It started as a hashtag on social media. Today, the #MeToo movement has companies across the country examining the way they address sexual harassment at work. In order to reduce the risk of becoming the next headline in a long list of public allegations, organizations need to think beyond a reactive approach to accusations and take a proactive stance against sexual harassment among employees.

But what does that look like? To start, it’s important to think less about what you say, and more about what you do. Here are 3 ways to get started:

  1. Educate effectively

In a #MeToo world, hypersensitivity among co-workers can be an issue. That’s why the standard check-the-box training on the subject may no longer be enough. In order to create a culture where harassment or discrimination of any kind is not tolerated, you’ll need to put forth more effort, such as:

  • Tailor your training to fit the structure and needs of your organization. This may mean interactive sessions rather a simple online program done individually.
  • Schedule trainings more frequently than before. This will send a message that you’re serious about the topic as well as continually include new hires.
  • Provide appropriate training and support for upper management. If you’re truly going to change the way your company thinks, remember that culture shifts happen from the top down.
  1. Clarify your policies and procedures

Now is a good time to review your current harassment policy and reporting procedures. Then clearly communicate both to all staff. When it comes to reporting incidents, consider providing multiple avenues to do so. This will encourage employees to report a potential situation before it gets out of hand. These can include:

  • Your human resources department should at the forefront of any policy changes and open and available to staff at all times.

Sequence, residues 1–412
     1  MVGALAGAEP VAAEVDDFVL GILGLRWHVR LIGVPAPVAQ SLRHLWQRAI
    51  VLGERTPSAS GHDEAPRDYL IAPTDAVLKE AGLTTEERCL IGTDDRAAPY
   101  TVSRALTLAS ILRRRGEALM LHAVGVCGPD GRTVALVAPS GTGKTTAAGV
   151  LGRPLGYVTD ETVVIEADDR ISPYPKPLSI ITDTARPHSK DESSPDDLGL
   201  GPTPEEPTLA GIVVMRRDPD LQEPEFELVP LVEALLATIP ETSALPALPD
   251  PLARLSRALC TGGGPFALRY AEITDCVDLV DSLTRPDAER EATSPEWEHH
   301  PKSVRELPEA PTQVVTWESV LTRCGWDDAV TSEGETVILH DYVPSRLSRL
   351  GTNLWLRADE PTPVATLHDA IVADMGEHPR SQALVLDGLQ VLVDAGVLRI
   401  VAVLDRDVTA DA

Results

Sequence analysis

• Reporting to a superior may be more comfortable for some. Ensure those in upper level positions are comfortable with recommended procedures and support them in effectively addressing complaints that come their way.
  • A third-party hotline may give someone who is unwilling to report an incident internally an alternative they’re more comfortable with.
  1. Get specific

Your company is a unique combination of the industry you’re a part of, the makeup of your employees, and even your physical workspace. It’s possible that certain attributes of your particular organization put you at greater risk for sexual harassment claims. These can include:

  • Cultural and language barriers between employees
  • Age or gender disparities
  • Company culture that includes social obligations involving alcohol
  • Workspace layout with access to private spaces

Exploring these attributes now will make you more aware of how they may impact your risk for sexual harassment incidents. From there, you can further tailor training to meet the needs of your employees.

The #MeToo movement is going strong, and now is the perfect time to proactively address sexual harassment in your organization. Here at Mulling Corporation, we know that knowledge is power, and we want to help you and your organization succeed. To learn more, visit our website at

Mulling Corporation